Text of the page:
“Don’t do it! Are you stupid? Get the hell out of there!” As we sit on the sofa or in the theater our IQ’s jump about 50 points. It is really a joyous and self-righteous feeling to be oh so much smarter than a horror movie character. In fact, if you or I were in these movies none of these bad things would ever happen. Right? Well in truth, if you were in a horror movie you wouldn’t be as smart as you think. Now there are a few exceptions to this rule, but mostly these exceptions are arguments over poor strategy and not over intelligence. My favorite example being any number of scenes from the film, The Strangers. Girls if your boys suggest that “you stay here in the house that the crazies have had free reign of for the past hour…while I take this shotgun and run around in the dark,” I would strongly urge you ladies to reevaluate the relationship…cuz this guy doesn’t seem smart enough to manage his own sock drawer let alone a career, marriage or child-rearing.
Okay, but that is pretty much the exception because most of the mistakes made in horror movies are the exact one’s you would make in that same situation. “Bull,” you say?! Well let’s take a little drive down horror movie psychology lane and see. There are five reasons why in a horror movie you aren’t going to be as smart as you think. To appreciate these reasons we’ll take a quick tour of the “physiology of fear,” so that we can all appreciate what happens universally to humans in these extreme moments of fright – (and then I promise the post will get interesting again).
The amgydala is the brain’s threat center. When danger appears there are signals sent to this area of the brain along a short path and a long path. On the short path we don’t necessarily need to know “what” the danger is, as the brain immediately begins to process the “fear response preparation,”- translation – fight or flight. On the longer path, information is sent to the visual cortex area where we can then rationally validate “it” as a threat or tell the amgydala to “stand down.” This is a rather important feature because without it, you’d run like a rabbit every time you got scared. After the “event” a third key process takes place – memory. The incident is committed to memory and that memory will later be used to determine if a particular “thing” is dangerous or not on a future encounter…and this last process is the biggest reason why you will probably die in a horror movie. Let’s show that stuff in motion.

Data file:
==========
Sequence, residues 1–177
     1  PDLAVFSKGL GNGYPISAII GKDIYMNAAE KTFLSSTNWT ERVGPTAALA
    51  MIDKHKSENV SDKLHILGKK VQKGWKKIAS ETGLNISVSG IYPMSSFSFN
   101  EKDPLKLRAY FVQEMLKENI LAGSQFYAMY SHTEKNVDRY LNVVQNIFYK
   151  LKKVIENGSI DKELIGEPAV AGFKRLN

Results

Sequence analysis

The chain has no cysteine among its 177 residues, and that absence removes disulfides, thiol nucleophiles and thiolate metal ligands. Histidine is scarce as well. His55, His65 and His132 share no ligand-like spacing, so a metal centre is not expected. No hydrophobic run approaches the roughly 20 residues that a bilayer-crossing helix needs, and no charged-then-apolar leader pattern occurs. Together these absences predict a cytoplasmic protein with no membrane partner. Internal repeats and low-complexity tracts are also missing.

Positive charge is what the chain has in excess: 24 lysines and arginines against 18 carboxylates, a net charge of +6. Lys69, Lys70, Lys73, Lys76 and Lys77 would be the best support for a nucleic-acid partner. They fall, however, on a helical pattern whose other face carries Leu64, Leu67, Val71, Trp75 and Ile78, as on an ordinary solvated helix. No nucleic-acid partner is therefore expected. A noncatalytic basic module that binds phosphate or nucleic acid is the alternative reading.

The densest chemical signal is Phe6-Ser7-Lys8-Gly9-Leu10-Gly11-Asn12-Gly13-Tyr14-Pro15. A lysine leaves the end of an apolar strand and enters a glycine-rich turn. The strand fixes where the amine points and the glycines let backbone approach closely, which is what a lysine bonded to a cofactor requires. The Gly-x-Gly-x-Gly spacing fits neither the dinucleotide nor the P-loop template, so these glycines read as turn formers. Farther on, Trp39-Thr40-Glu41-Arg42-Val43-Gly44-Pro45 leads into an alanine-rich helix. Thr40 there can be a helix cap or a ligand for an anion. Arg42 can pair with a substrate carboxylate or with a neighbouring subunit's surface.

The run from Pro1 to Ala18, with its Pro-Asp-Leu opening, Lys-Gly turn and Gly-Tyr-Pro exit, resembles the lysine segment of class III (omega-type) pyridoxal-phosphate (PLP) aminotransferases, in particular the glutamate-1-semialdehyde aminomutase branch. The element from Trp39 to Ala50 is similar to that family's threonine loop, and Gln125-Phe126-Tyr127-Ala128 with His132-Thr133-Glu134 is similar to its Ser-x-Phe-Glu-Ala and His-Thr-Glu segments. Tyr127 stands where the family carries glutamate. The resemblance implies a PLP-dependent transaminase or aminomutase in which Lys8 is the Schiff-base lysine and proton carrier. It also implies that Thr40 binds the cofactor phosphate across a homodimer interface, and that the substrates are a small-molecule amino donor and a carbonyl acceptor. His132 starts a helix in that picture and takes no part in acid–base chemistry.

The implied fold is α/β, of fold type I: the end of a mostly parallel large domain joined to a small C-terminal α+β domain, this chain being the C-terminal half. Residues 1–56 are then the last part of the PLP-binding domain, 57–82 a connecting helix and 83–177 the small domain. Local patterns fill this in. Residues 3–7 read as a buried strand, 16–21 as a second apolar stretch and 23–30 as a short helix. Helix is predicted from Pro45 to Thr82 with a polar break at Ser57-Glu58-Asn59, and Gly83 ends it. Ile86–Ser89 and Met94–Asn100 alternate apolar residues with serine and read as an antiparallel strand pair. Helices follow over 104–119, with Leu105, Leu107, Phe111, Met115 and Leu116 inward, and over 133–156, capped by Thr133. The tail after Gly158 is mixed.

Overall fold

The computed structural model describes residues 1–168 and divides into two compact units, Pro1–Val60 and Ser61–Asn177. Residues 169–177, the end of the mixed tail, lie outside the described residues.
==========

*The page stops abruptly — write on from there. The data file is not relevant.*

1. You’ve never seen this film before: The characters in a horror movie have never seen that movie. I am pretty certain if they saw the trailer a hundred times, as we had, then they would make better decisions…like not going in the water, buying that house, going camping etc, etc. They don’t have the foreknowledge that something is going to happen…and something really bad. Right now, for example, you have no expectation that a crazy man with a knife is watching you from the closet. If you did, you’d probably run…but you’re still reading this…even though he’s opening the door behind you…and stepping closer…and closer.
2. Optimism Bias: Okay but even if you have seen every horror movie ever made you still suffer from Optimism Bias. OB is the belief that “nothing bad” will happen to you…that it all works out. And the younger you are, the higher your amounts of bias. Which is why teens engage in riskier behavior than forty year olds. Without this bias you’d never take a chance, most likely never leave the house and would probably be in need of psychological intervention. Have you seen Jaws? Do you still go into the ocean? Have you seen Halloween? Do you still go out on All Hallow’s Eve? Have you seen the Exorcism? Did that make you join the priesthood or a covenant? No? Exactly, it’s the optimism bias…those things won’t happen to you. Even if you heard a noise in that closet right now, say a loud crash, would you call the police? Hide under the bed? Or go and see what fell off the shelf?